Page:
Note: A short biography on the life and art of Lucien Freud, which included an image of his 1967-1968 “Two Men”, was published on this site in October of 2020. 

Insert Image: Clifford Coffin, “Lucien Freud”, March 1947 Studio Shoot, Silver Gelatin Print, Vogue Online September 2019

The Heliodor Tree Frog

Hans-Jürgen Henn and Alfred Zimmermann, “Heliodor Tree Frog”, Date Unknown, Heliodor and Gold, 15 cm in Height, Henn Gems

Designed by Hans-Jürgen Henn and Alfred Zimmermann, the “Heliodor Tree Frog” was intricately fashioned by master gemstone carver Alfred Zimmermann. The frog and its perch was carved from richly colored Ukrainian heliodor, a member of the beryl family known for its hexagonal crystals, vitreous luster, and range of color. The amphibian’s gemstone perch is set on a base of eighteen-carat yellow gold; the combined materials allude to the various textures of an exotic tree trunk in the wild.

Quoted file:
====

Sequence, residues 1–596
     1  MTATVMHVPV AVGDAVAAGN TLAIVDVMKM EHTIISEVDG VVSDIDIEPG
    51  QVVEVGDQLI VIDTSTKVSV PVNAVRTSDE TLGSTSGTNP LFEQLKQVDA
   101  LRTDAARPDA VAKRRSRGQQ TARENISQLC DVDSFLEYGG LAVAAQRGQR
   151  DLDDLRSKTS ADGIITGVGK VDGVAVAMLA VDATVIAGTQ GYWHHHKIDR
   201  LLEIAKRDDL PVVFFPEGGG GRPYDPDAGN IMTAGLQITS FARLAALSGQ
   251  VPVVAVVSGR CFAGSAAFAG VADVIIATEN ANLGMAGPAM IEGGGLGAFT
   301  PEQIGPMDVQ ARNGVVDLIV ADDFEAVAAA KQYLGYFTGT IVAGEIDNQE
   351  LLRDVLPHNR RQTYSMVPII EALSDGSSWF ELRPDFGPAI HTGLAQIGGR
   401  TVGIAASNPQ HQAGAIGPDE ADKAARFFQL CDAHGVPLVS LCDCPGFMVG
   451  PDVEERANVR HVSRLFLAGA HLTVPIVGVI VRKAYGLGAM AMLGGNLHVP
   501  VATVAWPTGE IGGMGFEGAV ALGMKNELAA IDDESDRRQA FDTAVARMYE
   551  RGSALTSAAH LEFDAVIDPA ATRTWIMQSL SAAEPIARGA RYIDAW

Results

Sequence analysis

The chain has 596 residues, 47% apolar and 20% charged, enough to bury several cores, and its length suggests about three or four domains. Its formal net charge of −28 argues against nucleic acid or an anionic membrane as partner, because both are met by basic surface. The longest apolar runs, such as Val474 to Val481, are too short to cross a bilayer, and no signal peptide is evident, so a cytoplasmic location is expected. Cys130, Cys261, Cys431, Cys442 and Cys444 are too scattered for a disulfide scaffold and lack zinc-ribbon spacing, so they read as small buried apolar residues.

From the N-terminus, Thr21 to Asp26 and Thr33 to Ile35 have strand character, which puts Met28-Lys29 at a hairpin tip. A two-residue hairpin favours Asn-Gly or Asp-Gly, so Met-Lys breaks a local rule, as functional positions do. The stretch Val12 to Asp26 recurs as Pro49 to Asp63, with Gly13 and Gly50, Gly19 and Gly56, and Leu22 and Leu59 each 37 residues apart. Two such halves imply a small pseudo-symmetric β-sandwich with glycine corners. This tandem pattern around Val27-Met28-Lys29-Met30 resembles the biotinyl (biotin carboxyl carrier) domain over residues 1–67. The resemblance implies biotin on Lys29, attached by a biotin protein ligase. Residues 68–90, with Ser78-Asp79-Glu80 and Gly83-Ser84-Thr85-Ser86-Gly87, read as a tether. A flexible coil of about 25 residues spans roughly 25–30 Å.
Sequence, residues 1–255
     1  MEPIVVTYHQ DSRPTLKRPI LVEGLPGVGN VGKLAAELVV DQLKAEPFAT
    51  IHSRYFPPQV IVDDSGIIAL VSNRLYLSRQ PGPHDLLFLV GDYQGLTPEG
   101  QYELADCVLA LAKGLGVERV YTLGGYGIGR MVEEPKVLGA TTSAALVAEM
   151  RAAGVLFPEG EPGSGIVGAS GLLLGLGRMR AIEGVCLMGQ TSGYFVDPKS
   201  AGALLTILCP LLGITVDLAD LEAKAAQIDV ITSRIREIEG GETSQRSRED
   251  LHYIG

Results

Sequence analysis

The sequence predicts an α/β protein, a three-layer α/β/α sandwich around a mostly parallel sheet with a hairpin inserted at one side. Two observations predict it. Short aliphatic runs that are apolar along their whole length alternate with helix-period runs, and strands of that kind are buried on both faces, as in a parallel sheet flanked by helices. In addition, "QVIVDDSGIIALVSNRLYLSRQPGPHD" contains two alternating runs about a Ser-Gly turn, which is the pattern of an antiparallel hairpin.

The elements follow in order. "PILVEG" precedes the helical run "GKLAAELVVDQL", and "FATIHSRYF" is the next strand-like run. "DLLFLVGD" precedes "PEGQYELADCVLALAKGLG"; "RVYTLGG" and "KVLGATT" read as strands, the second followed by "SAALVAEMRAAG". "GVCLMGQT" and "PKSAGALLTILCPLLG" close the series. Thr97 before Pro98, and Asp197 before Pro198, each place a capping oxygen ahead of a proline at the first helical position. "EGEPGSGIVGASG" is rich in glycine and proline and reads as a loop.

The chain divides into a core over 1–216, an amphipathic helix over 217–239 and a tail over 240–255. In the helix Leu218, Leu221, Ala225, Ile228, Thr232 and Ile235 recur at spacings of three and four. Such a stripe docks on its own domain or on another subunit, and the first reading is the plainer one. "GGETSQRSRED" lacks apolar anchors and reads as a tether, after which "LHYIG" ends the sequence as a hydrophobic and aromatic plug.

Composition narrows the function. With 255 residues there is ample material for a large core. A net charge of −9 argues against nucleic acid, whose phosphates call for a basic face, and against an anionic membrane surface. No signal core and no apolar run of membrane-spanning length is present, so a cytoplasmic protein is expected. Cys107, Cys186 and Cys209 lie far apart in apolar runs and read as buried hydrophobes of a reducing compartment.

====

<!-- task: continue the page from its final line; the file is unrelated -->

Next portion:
One of the most renowned lapidary artists of the last several decades, Alfred Zimmerman is a member of an Idar-Oberstein family of gemstone carvers. Originally an apprentice of Gerd Dreher, a fourth-generation stone carver, Alfred Zimmerman is also known for working in the “Fabergé” tradition. Zimmerman’s frequent subjects are either soldiers or peasants in folkloric attire but he is well known for animal carvings of transparent crystalline minerals. Zimmermann has recently retired after a long career of finely executed sculptures.

The third-generation of the Henn family in the gemstone trade, Hans-Jürgen Henn has over fifty years of experience in the trade. From an early age, he combined his passion for precious stones with mountaineering, during which he was always searching for the rare and undiscovered. Henn, the first to coin the expression Kashmir Peridot, had the passion and foresight to preserve the Dom Pedro Aquamarine as a single, dramatic stone. This stone, the largest aquamarine ever cut, was fashioned by Bernd Munsteiner, and gifted to the Smithsonian Institute in 2011.